20.95

21.31

75.30

68.12

Wholesale Nondurables Retail

0.00

10.63

7.70

15.07

92.30

74.30

3.15

16.96

12.25

23.66

84.59

59.38

Finance, Real
Estate, and
Insurance

0.00

5.64

3.30

23.15

96.70

71.20

Business
Services

8.64

8.99

27.16

32.65

64.21

58.37

Personal
Services

2.12

15.73

8.49

21.52

89.39

62.75

Recreation
Prol'essional
Services

0.66
0.00

7.07
3.43

15.99
10.42

18.27
38.43

83.34
89.58

74.66
58.14

111

Table 4. Distribution of Female EmploymentStatusby Sectorand Race
Sector Employer
AfricanAmerican White

Own Account
AfricanAmerican White

Worker
Africanwhite White

Agriculture Mining
Construction
Non-Durable

5.46 0,00
0,00
0.75

20.00 0.00
7.35
0.46

3.17 0.00
0.00
0.75

I 1,28 2.78
4.41
1,23

91.35 100,00
100,00
98.50

68.72 97.22
88.24
98.31

Manufacturing
Durable 0.00 0.32 0.00 1.59 98.09

Manufacturing
Transportation,
Communication,
and Utilities

0.00

0,46

6,47

0,15

93.53

99.39

Wholesale Durables

0.00

5.00

100,00

95.00

Wholesale Nondurables

0.00

0,58

6.33

1.73

93,67

97.69

Retail Finance, Real

10,00 0.00

3.98 0.91

18.75 4.54

11.16 4.88

71,25 95.46

84.86 94.2 I

Estate, and
Insurm•ce

Business Services Personal Services Recreation Professional
Services

0,00 0,24 0,00 0.00

2.63 2.45 0.80 0,21

30.07 30.38 0.00 9,68

45.26 23,24 11.20 13.17

69,93 69.38 100.00 90.32

52,1 I 74,31 88,00 86,62

112

Table 5. Distribution of EmploymentStatusby Race and Gender
White men White Women African-American
Men

AfricanAmerican Women

Employer
Own Account
Worker

14.53
17.14
68.33

3.77
12.65
83.58

21.11
11.14
67.75

2.97
15.54
81.50

Table 6. Sectoral Distribution of Male Entrepreneurs

Sector

Employer
AfricanAmerican

Own Account
African-American White

White

Agriculture Mining
Construction Non-Durable

97.35 0.03
0.60 0.08

68.43 0.41
5.38 3.01

82.58 0.06
3.69 0.60

59.60 0.64
4.79 1.38

Manufacturing

DurableManufacturing Transportation,
Communication, and
Utilities

0.15 0.44

2.75 1.33

0.35 0.63

1.23 0.69

Wholesale- Durables
Wholesale Nondurables Retail

0.03
0.00

0.40
1.30

0.32
0.23

0.69
1.56

0.61

11.86

4.51

14.03

Finance, Real Estate,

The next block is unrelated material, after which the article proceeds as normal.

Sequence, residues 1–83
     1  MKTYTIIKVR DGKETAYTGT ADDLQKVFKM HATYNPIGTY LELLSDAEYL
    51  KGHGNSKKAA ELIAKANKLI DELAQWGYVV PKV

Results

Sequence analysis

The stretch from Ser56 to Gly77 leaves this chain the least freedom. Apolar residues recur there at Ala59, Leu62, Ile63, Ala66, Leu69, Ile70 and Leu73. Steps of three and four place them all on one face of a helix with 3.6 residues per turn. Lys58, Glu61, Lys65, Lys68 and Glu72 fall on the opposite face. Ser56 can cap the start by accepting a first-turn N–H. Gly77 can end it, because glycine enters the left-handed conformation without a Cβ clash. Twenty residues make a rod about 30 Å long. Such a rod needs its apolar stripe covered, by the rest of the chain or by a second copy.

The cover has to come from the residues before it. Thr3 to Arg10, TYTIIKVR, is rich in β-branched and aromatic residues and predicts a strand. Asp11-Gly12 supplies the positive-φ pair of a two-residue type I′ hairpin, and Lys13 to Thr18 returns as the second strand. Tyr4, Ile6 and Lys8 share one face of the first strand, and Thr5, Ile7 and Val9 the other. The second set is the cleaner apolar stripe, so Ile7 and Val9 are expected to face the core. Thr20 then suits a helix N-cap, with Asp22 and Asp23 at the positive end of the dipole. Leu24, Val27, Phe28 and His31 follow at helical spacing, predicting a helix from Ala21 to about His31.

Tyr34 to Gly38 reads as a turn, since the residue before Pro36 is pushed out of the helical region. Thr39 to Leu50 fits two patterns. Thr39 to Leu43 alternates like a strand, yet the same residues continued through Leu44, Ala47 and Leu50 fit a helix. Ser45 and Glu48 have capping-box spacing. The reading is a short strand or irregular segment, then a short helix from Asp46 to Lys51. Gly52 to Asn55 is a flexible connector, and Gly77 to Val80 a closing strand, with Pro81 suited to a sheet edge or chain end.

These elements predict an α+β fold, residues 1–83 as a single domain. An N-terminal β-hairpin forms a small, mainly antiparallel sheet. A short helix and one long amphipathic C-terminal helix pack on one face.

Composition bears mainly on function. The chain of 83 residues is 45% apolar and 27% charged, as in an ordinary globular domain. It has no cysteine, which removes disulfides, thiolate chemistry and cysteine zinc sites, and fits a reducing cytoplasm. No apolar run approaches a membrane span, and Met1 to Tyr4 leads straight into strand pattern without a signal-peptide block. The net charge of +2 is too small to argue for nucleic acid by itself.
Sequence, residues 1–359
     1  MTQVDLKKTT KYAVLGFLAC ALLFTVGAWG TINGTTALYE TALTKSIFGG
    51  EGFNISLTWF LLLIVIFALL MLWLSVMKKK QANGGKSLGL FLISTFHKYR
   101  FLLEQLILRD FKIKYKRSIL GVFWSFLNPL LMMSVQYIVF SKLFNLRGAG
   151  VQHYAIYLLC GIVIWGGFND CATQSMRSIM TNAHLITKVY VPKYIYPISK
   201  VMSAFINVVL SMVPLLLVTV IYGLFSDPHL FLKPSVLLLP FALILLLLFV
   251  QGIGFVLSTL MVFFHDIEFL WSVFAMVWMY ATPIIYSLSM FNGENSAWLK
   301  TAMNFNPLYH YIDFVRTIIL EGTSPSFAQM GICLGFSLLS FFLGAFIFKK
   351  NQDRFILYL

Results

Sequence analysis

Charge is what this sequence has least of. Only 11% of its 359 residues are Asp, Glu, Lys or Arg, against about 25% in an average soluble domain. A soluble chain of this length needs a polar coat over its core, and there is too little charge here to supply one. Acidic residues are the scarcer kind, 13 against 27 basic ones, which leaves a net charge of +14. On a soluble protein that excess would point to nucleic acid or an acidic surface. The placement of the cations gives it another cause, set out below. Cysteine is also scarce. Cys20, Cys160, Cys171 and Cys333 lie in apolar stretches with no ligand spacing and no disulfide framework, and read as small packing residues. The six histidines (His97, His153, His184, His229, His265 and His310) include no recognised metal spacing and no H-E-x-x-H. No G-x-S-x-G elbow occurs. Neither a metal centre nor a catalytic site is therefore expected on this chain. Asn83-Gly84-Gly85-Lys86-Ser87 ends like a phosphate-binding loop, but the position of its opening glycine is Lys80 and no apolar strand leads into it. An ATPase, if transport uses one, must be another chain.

and Insurance

0.00

0.74

0.17

2.58

Business Services Personal Services Recreation
Professional Services

0.18 0.51 0.01
0.00

0.76 2.66 0.25
0.72

I. 10 3.86 0.41
1.50

2.33 3.08 0.55
6.85

113

Table 7. Sectoral Distribution of Female Entrepreneurs

Sector
AfricanAmerican

Employer
White AfricanAmerican

Own Account
White

Agriculture

92,74

60,65

10.22

10.19

Mining
Construction
Non-Durable

0.00
0.00
0.33

0,00
0.58
2,33

0,00
0,00
0.06

0.03
0.10
1.87

Manufacturing
Durable 0.00 0,35 0.00 0.52

Manufacturing Transportation,
Communication

0.00

0,35

0.06

0.03

, and Utilities
Wholesale Durables
Wholesale 0.00 0,12 0.02 0.10

0.00

0.00

0.00

0.07

Nondurables

Retail

3.32

13.74

1.19

11.47

Finance, Real

0.00

0.35

0.06

0.55

Estate, and
Insurance Business 0,00 0.58 0.16 2.98

Services Personal
Services Recreation 0,00 0.12 0.00 0.49

3,61

20.02

86.99

56,64

Professional
services

0,00

0.81

1.23

14.94

The quantitative importance of agricultural businesses the Africanto

Americanbusiness community one of the moststriking,even if predictable, is findings thisstudy.This sectorhasbeenalmostcompletelyignoredby boththe of historicalliterature,whichhasfocused sectors on suchas personal service,retail,

114

banking, and insurance. Promotersof African-American businessat the time recognizedthe importanceof agriculture. For example, at the 1911 national conventionof the National Negro BusinessLeague, the "importantsubjects"

addressed included "Raising Shipping and FruitsandPoultry," "PickleKing," the "My Success a Horticulturist," well as severaldiscussing as as wholesaling of agricultural products [6, p. 22]. The concentrationof African-American entrepreneurs agriculturesuggests in that the relative lack of entrepreneurial behavior on the African-Americans today may have little to do with cultural attitudestoward risk-takingor the desirefor the independence, authority,and responsibility associated owningone's with ownbusiness. Ratherit may reflectthe
extreme concentration African-American'sentrepreneurial of resources, and the